Intellectual capital disclosure by traditional US companies: a longitudinal assessment

Intellectual capital disclosure by traditional US companies: a longitudinal assessment Purpose – The paper aims to evaluate 141 publicly traded US firms in the traditional sectors of the economy to assess intellectual capital disclosure levels. Design/methodology/approach – Content analysis was conducted using 10‐K annual reports. Findings – It was found that traditional sector companies had a mean disclosure of intellectual capital of 24.227 in fiscal year 2000 and 27.709 in fiscal year 2004 ( t =3.68, df = 140, p =0.01). This supported the authors hypothesis that traditional sector companies would show an increase in the level of intellectual capital disclosure in 2004 as compared to 2000. Within the total sample, 78 companies increased their intellectual capital disclosure in fiscal year 2004 as compared to fiscal year 2000 ( z =−3.4756, p =0.01). Research limitations/implications – While the authors generated 121 phrases to tap the intellectual capital construct, there may be other word combinations given the differences in vocabulary between academia and the corporate world. Practical implications – These findings are particularly noteworthy because traditional sector companies are capital intensive and are reliant upon fixed assets which are reported on the balance sheet. This study suggests that even managers in the traditional sectors of the US economy are coming to recognize the growing importance of intellectual capital. Originality/value – This is the only longitudinal study to focus on intellectual capital disclosure of traditional firms in the USA, and this research was conducted over the time that the Financial Accounting Standards Board called for increased disclosure of intangible assets. http://www.deepdyve.com/assets/images/DeepDyve-Logo-lg.png Journal of Accounting & Organizational Change Emerald Publishing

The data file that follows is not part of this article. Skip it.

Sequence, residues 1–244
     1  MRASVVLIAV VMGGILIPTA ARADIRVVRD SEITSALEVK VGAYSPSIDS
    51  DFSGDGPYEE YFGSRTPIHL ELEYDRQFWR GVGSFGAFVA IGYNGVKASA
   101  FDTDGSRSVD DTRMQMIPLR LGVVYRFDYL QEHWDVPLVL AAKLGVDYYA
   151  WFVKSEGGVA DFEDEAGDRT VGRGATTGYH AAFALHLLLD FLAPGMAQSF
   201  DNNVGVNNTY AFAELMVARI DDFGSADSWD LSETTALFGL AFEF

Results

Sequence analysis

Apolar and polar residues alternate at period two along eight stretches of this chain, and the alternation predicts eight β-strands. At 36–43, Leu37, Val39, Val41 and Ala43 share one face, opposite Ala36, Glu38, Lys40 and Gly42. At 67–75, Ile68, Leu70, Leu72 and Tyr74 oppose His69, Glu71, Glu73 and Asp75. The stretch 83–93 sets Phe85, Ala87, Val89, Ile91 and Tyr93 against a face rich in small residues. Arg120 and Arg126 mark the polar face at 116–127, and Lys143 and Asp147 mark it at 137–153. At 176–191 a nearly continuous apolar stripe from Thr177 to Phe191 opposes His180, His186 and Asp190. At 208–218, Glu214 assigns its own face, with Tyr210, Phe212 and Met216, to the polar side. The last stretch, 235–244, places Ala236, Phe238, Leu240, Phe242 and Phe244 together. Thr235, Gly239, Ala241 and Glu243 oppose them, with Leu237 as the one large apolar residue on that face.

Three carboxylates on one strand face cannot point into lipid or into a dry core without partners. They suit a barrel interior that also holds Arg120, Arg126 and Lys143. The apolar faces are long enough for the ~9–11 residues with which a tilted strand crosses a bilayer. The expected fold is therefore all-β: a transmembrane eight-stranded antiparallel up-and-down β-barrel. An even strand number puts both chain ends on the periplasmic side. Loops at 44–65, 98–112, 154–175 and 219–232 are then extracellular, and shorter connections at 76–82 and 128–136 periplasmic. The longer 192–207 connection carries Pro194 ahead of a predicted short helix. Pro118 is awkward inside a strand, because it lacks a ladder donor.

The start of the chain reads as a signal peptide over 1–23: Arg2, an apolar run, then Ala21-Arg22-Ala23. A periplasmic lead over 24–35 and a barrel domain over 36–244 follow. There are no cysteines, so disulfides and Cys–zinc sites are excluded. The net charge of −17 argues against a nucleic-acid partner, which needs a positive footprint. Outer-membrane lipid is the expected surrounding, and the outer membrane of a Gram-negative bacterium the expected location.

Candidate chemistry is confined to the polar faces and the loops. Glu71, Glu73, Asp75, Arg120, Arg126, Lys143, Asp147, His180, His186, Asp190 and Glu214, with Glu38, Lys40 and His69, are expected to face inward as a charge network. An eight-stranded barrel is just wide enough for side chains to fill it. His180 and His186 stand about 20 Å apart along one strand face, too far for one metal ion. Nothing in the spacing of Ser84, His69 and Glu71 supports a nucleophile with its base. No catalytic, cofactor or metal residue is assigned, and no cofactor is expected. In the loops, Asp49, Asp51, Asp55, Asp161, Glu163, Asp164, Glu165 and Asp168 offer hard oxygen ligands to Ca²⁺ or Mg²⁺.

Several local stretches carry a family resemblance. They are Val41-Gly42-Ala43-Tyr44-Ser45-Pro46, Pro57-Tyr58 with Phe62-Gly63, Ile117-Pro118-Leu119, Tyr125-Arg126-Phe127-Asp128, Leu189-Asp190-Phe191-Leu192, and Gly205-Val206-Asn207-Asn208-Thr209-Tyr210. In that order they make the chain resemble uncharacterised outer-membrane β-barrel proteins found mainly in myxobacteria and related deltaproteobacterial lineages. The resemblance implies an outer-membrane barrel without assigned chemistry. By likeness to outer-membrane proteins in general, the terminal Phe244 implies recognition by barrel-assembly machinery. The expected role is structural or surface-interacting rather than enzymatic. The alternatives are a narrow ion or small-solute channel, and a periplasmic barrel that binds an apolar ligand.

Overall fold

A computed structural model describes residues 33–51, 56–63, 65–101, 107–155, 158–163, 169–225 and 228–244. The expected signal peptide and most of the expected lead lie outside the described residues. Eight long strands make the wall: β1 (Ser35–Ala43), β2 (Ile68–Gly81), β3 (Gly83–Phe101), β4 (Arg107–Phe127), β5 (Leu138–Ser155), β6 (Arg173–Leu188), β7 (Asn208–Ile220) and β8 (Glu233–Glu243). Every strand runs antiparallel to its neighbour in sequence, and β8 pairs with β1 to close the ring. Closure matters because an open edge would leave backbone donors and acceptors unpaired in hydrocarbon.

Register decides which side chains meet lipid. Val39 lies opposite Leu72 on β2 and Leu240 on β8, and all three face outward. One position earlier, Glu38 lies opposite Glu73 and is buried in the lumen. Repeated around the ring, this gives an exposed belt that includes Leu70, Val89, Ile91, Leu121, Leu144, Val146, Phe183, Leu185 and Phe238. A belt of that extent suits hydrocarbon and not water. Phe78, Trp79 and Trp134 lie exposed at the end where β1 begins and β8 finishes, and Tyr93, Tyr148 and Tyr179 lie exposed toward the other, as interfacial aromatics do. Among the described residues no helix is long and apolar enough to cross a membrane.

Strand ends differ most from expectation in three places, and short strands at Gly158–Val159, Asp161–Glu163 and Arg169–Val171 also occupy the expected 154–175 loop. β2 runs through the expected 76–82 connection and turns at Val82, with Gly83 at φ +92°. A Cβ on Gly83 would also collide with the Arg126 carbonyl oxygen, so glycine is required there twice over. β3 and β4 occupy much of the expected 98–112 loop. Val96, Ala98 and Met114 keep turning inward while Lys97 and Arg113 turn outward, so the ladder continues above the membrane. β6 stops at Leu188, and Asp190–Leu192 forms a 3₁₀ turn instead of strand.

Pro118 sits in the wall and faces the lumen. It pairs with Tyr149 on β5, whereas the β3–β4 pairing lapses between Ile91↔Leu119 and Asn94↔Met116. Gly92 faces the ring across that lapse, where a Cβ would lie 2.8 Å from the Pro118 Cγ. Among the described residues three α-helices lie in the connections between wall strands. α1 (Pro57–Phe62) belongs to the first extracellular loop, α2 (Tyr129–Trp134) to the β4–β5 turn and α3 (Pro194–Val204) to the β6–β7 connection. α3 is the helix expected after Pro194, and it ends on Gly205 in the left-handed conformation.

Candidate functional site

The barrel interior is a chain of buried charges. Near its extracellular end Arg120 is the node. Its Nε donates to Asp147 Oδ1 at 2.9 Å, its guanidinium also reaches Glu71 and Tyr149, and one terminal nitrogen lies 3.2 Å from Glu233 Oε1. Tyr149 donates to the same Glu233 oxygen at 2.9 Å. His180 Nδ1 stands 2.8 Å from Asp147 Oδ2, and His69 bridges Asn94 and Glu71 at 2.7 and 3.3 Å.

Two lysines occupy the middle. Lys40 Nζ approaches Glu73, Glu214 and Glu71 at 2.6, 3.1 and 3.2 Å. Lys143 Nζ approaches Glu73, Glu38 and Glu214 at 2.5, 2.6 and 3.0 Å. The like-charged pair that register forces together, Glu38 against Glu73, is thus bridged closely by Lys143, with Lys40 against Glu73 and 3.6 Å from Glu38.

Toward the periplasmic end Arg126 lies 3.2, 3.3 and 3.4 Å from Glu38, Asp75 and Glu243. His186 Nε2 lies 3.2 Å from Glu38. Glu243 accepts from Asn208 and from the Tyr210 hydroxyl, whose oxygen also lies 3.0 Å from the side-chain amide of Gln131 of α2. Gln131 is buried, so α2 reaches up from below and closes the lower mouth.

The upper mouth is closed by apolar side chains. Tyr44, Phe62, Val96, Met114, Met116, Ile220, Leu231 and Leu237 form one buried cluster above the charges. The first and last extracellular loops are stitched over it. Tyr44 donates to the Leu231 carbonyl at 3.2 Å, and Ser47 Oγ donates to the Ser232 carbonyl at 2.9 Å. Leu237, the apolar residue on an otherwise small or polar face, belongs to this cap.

Intellectual capital disclosure by traditional US companies: a longitudinal assessment

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Publisher
Emerald Publishing
Copyright
Copyright © 2008 Emerald Group Publishing Limited. All rights reserved.
ISSN
1832-5912
DOI
10.1108/18325910810855798
Publisher site
See Article on Publisher Site

Abstract

Purpose – The paper aims to evaluate 141 publicly traded US firms in the traditional sectors of the economy to assess intellectual capital disclosure levels. Design/methodology/approach – Content analysis was conducted using 10‐K annual reports. Findings – It was found that traditional sector companies had a mean disclosure of intellectual capital of 24.227 in fiscal year 2000 and 27.709 in fiscal year 2004 ( t =3.68, df = 140, p =0.01). This supported the authors hypothesis that traditional sector companies would show an increase in the level of intellectual capital disclosure in 2004 as compared to 2000. Within the total sample, 78 companies increased their intellectual capital disclosure in fiscal year 2004 as compared to fiscal year 2000 ( z =−3.4756, p =0.01). Research limitations/implications – While the authors generated 121 phrases to tap the intellectual capital construct, there may be other word combinations given the differences in vocabulary between academia and the corporate world. Practical implications – These findings are particularly noteworthy because traditional sector companies are capital intensive and are reliant upon fixed assets which are reported on the balance sheet. This study suggests that even managers in the traditional sectors of the US economy are coming to recognize the growing importance of intellectual capital. Originality/value – This is the only longitudinal study to focus on intellectual capital disclosure of traditional firms in the USA, and this research was conducted over the time that the Financial Accounting Standards Board called for increased disclosure of intangible assets.

Journal

Journal of Accounting & Organizational ChangeEmerald Publishing

Published: Mar 21, 2008

Keywords: Intellectual capital; Disclosure; Intangible assets; Annual reports; United States of America

References

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